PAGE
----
• In Yedioth, which runs an excerpt from the letter in large type on its front page, Yuval Karni calls the resignation “a blow to Netanyahu’s soft underbelly.”
  • ToI editor David Horovitz likewise calls the resignation letter “a heavy blow.”
  • “Elkin was … a longtime member of Netanyahu’s inner circle. And his defection speech constitutes a particularly heavy blow to the prime minister, and a major boost to Sa’ar,” he writes.
  • Haaretz’s Yossi Verter calls the move an “indictment” of the prime minister of the type people are used to hearing out of other peoples’ mouths.
  • “If we hadn’t seen Elkin, a bit pale, reading out the stinging text himself, we could have sworn that it was written by opposition leader Yair Lapid and not by a senior Likud politician, a government minister and a member of the security cabinet. The text sounded even more fantastic coming out of the mouth of one Netanyahu’s most gifted defenders.”
  • Channel 12 news calls Elkin’s address “unprecedented,” but also collects accounts of all the times Elkin publicly said the exact opposite of what he did on Wednesday night.
  • “Elkin over and over again repeated the claim that he feels Netanyahu’s personal considerations are taking an increasingly central role in his decisions and that ‘we’re going to elections due to your desire to influence the choice of the next state prosecutor and attorney general.’ but just three days ago, he said the exact opposite to Army Radio: ‘I don’t see any connection between Likud’s fight with Blue and White over the justice system and an attempt for Netanyahu to avoid prosecution.’”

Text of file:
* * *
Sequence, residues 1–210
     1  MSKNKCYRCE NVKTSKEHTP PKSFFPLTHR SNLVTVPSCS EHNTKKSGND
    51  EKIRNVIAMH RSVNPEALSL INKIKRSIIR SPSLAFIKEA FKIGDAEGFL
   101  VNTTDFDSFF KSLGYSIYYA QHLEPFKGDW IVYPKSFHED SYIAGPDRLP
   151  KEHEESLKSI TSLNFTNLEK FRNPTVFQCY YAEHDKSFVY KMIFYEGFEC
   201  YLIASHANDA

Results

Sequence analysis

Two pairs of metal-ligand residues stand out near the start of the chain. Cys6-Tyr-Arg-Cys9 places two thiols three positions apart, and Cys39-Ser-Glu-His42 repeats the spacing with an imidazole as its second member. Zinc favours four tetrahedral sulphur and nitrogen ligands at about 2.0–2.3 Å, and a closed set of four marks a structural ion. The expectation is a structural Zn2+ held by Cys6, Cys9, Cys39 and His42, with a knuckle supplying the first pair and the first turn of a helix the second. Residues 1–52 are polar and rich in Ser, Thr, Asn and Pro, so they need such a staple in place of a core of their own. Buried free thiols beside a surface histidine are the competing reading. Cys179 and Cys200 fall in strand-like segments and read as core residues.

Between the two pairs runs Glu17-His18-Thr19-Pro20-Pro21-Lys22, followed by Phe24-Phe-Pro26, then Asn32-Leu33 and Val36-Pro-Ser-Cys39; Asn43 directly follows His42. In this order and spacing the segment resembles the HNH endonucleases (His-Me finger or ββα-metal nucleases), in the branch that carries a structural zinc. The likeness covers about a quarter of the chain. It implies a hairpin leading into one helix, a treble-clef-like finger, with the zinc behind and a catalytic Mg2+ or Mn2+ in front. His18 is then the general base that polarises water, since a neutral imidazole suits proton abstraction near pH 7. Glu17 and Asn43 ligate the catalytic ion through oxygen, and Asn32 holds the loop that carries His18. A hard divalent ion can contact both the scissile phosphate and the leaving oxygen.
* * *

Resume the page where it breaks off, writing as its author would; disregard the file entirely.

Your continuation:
• Speaking to Army Radio today, still loyal coalition whip Miki Zohar says Elkin has been persona non grata for a while, despite defending Netanyahu. “He hasn’t been trustworthy for Netanyahu for some time. We know he acted against Netanyahu several times.”

5. Can he blow the house down? Elkin’s defection is seen as going beyond one apparatchik switching sides but rather as a massive shakeup within Likud that will reverberate until election day.

  • “Elkin’s decision reflects more than a single man’s political calculations. The ground is shifting within Likud. The mood has changed,” writes ToI’s Haviv Rettig Gur, who is buddy-buddy with Elkin, in an op-ed.
  • Haaretz’s Verter writes that with Elkin now the fifth Likud MK to leave, “the leakage from the ranks of Likud to Sa’ar and his New Hope party is beginning to look a lot like a split.”
  • In Walla, Tal Shalev writes that Elkin’s angry defection “signals that this coming election will be much more interesting than the previous ones.”
  • In Israel Hayom, which downplays Elkin’s move in comparison to other newspapers, columnist Mati Tuchfeld still calls the decision “a blow to the morale” of Likud.
  • “It would not be an exaggeration to say that this election campaign which began with this stormy week will be the most challenging ever for the prime minister,” he writes,” and with a real threat of [him] losing power.”